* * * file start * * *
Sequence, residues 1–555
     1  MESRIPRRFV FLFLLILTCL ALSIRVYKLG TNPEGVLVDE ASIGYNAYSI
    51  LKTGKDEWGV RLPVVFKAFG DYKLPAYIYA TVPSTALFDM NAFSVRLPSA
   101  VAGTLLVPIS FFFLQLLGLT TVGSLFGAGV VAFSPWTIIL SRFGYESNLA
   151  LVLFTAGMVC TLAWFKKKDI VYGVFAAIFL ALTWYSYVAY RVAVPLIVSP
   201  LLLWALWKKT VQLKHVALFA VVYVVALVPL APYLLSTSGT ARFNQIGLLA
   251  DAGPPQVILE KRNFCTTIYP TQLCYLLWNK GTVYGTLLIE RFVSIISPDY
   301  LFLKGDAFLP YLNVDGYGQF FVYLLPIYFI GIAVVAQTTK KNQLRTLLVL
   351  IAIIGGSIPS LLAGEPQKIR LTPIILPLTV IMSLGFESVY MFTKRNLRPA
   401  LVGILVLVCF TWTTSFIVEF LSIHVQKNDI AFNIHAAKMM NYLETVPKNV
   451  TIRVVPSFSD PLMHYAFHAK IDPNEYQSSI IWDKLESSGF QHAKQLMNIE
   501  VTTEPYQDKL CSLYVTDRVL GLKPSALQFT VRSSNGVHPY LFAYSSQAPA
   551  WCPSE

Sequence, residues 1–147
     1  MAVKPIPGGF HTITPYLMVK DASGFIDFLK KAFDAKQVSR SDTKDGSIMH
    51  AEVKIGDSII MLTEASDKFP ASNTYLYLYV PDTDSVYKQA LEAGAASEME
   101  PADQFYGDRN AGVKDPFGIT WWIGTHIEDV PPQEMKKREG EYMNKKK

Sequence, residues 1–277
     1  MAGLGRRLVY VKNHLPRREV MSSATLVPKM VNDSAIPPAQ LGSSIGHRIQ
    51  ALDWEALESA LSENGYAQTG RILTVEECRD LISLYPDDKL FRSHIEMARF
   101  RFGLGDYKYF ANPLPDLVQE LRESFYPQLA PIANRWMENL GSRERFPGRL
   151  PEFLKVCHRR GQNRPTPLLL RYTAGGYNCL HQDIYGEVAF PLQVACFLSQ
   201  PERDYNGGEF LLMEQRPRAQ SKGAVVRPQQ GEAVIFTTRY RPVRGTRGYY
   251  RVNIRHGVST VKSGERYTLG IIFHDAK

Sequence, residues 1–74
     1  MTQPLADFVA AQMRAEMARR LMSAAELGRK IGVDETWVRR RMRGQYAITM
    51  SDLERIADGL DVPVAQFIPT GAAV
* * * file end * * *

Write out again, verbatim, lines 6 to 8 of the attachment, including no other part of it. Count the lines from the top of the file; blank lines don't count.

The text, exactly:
   201  LLLWALWKKT VQLKHVALFA VVYVVALVPL APYLLSTSGT ARFNQIGLLA
   251  DAGPPQVILE KRNFCTTIYP TQLCYLLWNK GTVYGTLLIE RFVSIISPDY
   301  LFLKGDAFLP YLNVDGYGQF FVYLLPIYFI GIAVVAQTTK KNQLRTLLVL